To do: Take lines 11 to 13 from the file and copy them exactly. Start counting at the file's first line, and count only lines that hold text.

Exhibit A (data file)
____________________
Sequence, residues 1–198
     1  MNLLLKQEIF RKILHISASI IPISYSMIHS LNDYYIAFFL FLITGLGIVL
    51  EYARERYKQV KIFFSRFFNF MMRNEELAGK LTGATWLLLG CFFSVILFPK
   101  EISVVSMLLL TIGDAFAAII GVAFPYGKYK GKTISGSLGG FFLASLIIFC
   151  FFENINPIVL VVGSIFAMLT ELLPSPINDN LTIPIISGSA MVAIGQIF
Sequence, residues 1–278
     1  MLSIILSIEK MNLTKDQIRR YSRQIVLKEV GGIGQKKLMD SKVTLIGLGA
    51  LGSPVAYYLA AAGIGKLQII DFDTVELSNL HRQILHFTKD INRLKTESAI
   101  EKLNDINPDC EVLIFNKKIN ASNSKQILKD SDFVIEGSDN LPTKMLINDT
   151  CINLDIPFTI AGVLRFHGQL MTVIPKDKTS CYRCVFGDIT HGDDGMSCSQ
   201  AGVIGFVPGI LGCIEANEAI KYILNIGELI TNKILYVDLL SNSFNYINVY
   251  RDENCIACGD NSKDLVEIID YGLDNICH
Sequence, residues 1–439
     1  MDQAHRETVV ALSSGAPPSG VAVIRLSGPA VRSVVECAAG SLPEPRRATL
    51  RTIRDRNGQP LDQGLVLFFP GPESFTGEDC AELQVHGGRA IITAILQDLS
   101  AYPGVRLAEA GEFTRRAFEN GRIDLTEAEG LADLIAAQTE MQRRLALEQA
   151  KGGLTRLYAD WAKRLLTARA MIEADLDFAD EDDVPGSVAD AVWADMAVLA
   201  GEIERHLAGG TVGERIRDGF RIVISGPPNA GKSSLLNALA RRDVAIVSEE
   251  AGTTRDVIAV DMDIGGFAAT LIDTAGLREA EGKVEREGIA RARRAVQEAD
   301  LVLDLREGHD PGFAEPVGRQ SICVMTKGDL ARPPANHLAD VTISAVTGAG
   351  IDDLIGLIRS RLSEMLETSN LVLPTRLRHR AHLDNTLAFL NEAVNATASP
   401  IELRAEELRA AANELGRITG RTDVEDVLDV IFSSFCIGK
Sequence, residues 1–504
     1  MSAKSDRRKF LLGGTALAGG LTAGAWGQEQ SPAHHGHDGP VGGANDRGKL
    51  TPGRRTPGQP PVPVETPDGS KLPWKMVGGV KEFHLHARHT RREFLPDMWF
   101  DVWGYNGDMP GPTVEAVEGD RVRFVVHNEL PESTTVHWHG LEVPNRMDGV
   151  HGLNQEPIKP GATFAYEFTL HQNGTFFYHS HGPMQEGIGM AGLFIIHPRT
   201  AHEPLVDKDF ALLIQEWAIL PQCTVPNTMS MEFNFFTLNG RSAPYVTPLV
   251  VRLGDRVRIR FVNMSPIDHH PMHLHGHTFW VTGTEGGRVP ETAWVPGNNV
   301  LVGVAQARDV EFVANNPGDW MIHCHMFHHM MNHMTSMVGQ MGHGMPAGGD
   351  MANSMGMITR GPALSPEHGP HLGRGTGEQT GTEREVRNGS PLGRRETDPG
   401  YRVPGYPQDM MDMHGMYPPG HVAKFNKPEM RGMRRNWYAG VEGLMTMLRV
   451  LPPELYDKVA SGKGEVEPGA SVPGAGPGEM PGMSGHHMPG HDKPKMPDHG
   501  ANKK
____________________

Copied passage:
   201  AGVIGFVPGI LGCIEANEAI KYILNIGELI TNKILYVDLL SNSFNYINVY
   251  RDENCIACGD NSKDLVEIID YGLDNICH
Sequence, residues 1–439